88 Audley St
Ph : (02) 95697534
Open : Tues- Sat 6.00 pm - 10.30 pm
Yasou! It had been a long time since I’d been to Perama. Too long for admit to. The last time had been a large group and my enduring memory had been of the incredible caramel baklava ice cream. There was no rational reason for not having revisited, the only excuses I have are that for a non driver, Petersham just seemed awfully far to travel unless my usual dining companion was available or I could hitch a ride from a driver. I know a surprising number of non drivers....
After following Perama owner/ chef David Tsirekas on twitter for a while, I decided that it was definitely time to return. Unfortunately ABC was unavailable, he is so busy these days, so my food buddies T&M were to be my dining companions for the evening.
GFC or no GFC in Australia, Perama quickly filled up after our arrival (I won’t go into the drama of getting there, as competing navigational instructions in stereo almost caused the driver to implode) and we decided to have the banquet ($50pp)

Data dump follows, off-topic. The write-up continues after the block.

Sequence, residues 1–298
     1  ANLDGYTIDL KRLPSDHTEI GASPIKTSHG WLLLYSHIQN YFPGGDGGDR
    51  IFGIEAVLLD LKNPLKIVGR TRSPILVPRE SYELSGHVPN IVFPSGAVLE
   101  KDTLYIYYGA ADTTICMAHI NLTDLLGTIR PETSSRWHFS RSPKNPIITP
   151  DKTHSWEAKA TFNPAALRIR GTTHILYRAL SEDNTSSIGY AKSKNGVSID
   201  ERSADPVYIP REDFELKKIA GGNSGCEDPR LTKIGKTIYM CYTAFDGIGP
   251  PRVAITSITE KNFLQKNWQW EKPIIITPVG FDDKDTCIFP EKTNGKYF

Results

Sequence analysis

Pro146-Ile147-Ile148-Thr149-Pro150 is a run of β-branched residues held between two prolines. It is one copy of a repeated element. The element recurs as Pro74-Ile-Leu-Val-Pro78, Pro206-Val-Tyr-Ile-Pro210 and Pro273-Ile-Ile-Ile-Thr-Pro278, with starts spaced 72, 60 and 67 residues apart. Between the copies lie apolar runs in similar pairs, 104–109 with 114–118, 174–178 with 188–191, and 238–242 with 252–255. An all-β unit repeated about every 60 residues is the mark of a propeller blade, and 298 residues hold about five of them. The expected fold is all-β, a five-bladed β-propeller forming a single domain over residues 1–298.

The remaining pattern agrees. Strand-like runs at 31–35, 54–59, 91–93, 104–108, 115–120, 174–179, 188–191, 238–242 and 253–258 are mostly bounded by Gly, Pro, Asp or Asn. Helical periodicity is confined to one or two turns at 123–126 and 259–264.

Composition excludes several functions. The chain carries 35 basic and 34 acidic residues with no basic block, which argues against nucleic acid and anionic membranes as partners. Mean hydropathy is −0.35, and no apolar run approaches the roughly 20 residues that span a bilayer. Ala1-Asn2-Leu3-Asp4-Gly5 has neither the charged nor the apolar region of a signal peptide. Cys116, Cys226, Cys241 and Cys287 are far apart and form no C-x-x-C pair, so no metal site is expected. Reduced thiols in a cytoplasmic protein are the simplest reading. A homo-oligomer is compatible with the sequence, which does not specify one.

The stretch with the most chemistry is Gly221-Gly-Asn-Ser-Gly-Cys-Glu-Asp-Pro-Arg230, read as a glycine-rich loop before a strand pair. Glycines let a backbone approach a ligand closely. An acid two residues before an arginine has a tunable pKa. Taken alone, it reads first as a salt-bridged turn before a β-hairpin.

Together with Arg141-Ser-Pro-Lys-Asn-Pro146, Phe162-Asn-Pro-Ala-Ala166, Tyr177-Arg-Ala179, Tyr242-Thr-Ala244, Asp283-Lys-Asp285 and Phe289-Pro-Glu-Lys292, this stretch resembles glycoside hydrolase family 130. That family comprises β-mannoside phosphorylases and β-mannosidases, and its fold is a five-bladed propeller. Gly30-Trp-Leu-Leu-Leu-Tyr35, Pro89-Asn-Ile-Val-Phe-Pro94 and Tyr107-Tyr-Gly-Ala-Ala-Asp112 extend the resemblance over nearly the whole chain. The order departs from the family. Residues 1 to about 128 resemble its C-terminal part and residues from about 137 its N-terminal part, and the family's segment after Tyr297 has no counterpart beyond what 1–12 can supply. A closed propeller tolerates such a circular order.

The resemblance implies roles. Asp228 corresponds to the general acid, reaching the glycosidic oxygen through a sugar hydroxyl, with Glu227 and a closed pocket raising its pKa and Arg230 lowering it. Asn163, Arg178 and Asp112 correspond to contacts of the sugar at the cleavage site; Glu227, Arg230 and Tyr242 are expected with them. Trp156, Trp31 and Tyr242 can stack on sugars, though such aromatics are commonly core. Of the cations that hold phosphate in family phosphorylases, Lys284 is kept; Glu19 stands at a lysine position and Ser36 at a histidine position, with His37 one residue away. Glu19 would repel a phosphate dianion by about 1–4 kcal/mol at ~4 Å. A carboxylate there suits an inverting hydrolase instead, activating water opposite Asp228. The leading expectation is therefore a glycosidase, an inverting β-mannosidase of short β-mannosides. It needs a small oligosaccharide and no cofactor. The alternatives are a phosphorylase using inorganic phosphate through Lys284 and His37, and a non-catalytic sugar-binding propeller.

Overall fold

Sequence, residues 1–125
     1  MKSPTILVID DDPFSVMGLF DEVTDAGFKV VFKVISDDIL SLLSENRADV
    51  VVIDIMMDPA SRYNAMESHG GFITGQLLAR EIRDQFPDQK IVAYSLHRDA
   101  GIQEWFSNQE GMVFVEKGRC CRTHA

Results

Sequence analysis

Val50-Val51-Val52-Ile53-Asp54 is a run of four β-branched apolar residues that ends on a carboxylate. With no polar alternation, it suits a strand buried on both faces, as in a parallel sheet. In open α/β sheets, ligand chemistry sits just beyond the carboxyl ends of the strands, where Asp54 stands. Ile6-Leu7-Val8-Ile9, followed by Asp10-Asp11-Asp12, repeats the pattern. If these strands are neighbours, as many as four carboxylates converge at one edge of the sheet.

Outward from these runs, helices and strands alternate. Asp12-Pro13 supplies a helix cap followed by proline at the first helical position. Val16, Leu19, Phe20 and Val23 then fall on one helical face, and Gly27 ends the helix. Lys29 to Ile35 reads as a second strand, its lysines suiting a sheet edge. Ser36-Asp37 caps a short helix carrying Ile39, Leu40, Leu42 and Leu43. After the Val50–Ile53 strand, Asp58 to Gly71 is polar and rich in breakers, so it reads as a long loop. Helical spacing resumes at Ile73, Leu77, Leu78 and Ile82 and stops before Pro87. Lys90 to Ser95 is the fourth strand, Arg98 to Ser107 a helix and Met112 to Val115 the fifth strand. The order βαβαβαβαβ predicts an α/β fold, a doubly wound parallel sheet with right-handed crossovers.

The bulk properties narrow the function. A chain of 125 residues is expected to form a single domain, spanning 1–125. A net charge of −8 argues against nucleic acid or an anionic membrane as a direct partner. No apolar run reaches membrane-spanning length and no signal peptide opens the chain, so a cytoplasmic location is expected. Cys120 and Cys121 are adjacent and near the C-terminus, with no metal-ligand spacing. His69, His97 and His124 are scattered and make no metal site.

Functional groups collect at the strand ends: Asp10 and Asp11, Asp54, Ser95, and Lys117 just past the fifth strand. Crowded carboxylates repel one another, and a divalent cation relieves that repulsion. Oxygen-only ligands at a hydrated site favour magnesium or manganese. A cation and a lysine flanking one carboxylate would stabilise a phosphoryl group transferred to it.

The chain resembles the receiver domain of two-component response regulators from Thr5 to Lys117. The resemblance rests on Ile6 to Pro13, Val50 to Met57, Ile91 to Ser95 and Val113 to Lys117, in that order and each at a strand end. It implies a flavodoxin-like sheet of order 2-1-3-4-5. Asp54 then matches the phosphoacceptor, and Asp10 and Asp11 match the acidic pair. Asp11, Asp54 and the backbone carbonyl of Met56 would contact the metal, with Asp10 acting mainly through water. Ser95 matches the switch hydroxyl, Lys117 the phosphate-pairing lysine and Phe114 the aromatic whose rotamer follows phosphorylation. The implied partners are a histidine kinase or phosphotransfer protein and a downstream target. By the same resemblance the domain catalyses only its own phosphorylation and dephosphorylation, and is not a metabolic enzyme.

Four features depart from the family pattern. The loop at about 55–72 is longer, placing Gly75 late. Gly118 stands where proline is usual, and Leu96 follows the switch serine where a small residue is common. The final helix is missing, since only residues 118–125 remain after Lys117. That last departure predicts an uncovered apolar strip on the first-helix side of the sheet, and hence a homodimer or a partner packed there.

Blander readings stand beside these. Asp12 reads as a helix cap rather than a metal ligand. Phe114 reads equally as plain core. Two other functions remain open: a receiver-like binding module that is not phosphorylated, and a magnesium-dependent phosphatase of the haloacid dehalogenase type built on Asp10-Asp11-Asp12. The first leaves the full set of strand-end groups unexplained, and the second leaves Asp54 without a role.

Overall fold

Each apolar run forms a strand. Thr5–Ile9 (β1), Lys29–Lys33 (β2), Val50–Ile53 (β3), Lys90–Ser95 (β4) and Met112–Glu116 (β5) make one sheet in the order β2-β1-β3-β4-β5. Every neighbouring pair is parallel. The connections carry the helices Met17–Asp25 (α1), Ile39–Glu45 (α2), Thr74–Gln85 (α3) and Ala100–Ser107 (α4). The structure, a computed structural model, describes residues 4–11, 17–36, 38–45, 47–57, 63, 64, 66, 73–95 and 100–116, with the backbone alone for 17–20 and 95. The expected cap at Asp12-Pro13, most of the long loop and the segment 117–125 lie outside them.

First up came the trio of dips (Tarama, Tzatziki, Split Pea), plus Greek Salad and bread.
The bread was still warm and with a crunchy crust. We were asked whether we wanted the bread basket refilled, a touch that for some reason is not always the rule of thumb in restaurants. I have no idea why, but it goes a long way in my books! Of the three dips, my favourite was the tarama but then again, I do have a softness for it and have been known to consume vast quantities if given the chance.....
The accompanying salad was fresh and the tomatoes juicy and sweet. In fact they were the best tomatoes I’ve had all year, and I would have happily eaten more of them.
Next up came the Mixed Pickles of cabbage, mushroom and octopus.
For some reason, I neglected to ask T&M what their favourite was but mine was the octopus, which was tender and moreish. I thought of these dishes more as “filler” items, and was hanging out for the mains.....
Ah the BBQd Haloumi with Honey Peppered Figs....I’m well known for not being super keen on the combination of fruit and anything savoury (no, not even cheeses LOL), and M feels similarly. If I eat haloumi it’s mostly without any accompaniments as such, and though I know that haloumi and figs are known to pair well, I’d never actually eaten it. I now wish that I had tried this combination years ago, but suspect that T actually ate most of the honeyed figs but I’ll forgive him for that just this once.....
Next up came the Filo Pastries